Located in the secluded Kura Tāwhiti Conservation Area, this remarkable natural wonder is simply breathtaking. Visitors can choose to go on a trek that loops around these magnificent rock formations to admire its marvellous views. Alternatively, pack a picnic and find a beautiful spot next to one of these giant rocks! Feel what it’s like to enter the enchanted land of Narnia as you enjoy the company of your comrades in this serene, magical atmosphere at Castle Hill.
Who doesn’t love a trip that goes easy on the wallets? Ready your UOB Card and book your flight now! Even better, every booking is entitled to up to S$200 worth of Expedia hotel vouchers for you to save, save, save on your accommodation!
7. Whiz across Lake Wakatipu in a Shark Mobile
Image credit: Hydro Attack
Buckle up for an adventure of a lifetime as you zoom across Lake Wakatipu at a whopping 80km/hour. Painted to resemble a shark, the Seabreacher X is an epic cross between a fighter jet and a torpedo. BLAST out of the water with grandeur before plunging back into the lake at lightning speed, and hold on tight as you experience tight G-force turns! Can you feel your adrenaline pumping already?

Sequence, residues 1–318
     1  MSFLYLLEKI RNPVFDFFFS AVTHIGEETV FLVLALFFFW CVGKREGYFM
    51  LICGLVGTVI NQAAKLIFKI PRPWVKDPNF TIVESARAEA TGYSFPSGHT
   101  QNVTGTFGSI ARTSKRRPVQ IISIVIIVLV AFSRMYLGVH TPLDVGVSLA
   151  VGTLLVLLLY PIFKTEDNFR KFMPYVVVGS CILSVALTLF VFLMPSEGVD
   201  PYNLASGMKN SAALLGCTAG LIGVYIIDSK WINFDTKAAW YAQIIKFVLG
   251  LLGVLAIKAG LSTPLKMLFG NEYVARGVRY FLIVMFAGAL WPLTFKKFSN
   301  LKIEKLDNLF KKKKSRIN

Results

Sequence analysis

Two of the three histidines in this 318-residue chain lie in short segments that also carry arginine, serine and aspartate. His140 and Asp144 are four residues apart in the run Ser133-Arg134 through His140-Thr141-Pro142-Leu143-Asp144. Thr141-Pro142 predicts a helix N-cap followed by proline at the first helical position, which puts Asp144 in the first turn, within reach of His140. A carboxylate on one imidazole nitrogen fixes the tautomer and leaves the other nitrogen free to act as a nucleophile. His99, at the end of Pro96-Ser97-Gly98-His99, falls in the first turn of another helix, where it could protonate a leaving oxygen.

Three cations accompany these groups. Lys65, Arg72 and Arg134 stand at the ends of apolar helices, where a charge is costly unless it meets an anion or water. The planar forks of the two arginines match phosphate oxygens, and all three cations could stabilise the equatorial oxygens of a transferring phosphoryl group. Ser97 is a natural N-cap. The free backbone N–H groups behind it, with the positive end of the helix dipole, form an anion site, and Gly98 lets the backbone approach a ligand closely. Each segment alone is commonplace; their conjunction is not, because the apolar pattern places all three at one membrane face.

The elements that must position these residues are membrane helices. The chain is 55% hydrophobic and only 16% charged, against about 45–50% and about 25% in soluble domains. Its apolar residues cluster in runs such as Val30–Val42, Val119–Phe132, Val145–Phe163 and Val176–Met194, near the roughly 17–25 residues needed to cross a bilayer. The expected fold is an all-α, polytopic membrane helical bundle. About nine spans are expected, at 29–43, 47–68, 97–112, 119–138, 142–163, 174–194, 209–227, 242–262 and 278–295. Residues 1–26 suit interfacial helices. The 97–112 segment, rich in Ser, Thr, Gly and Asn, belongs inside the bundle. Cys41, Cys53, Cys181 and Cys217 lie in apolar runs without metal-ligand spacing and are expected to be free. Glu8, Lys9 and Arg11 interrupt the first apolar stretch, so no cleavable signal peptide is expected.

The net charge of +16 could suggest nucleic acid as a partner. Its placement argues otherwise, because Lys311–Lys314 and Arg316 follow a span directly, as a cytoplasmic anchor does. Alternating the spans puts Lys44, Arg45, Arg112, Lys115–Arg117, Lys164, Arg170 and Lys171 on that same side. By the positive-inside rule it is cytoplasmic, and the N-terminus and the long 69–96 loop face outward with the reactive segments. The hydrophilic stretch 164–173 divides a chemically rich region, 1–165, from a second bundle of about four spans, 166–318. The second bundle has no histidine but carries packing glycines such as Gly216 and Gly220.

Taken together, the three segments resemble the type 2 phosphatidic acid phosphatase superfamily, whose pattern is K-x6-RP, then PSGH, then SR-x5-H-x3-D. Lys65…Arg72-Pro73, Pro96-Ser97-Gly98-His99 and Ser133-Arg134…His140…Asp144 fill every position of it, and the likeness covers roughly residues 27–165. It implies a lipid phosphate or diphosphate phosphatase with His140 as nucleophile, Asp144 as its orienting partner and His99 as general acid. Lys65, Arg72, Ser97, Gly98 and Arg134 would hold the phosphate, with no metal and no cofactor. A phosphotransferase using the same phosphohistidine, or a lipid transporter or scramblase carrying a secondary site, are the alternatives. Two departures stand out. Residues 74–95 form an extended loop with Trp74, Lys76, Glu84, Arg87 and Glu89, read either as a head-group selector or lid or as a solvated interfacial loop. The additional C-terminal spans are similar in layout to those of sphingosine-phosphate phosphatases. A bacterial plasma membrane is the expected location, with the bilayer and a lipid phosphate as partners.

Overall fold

Created by Hydro Attack, this extreme sport can only be found in Queenstown, New Zealand. Set in the pristine waters of Lake Wakatipu, enjoy awe-inspiring views of mountains and dazzling waters as you zoom around in a shark mobile!
If you are looking to for a totally unique thing to do, THIS is it. Assemble your squad and hit this sensational water sport on your next trip to New Zealand!
Address: Lapsley Butson Wharf, Queenstown Lakefront, Earnslaw Park, Queenstown, New Zealand
8. Race against your friends and family on the Shweeb
Image credit: Shweeb
Ever heard of “Shweebing”? The Kiwis sure are creative with naming their creations! Well, the Shweeb is a monorail race circuit from which pedal-powered transparent pods hang. Players lie in a recumbent position as they pedal their way through the high and low of the wavy terrain.
A super family-friendly activity, the Shweeb is amazing fun for the family. As the speed at which it goes depends on how fast the player(s) cycle, coupled with the fact that the race course is not too high above the ground, it is extremely suitable for young children. Plus, you can even choose to go for tandem races where you can ride together or against each other! There’s no better way to settle that familial rivalry.
Address: Paradise Valley Road, Ngongotaha, Rotorua, New Zealand
Hidden deep in the Catlins is the secretive and charming Waipapa Point. One of the best-kept secrets in New Zealand’s South Island, Waipapa Point boasts of an ivory beach with breathtaking sunset views and… (wait for it) an incredible opportunity to watch one of the world’s rarest seal species – the critically endangered New Zealand Sea Lion – in their natural habitat.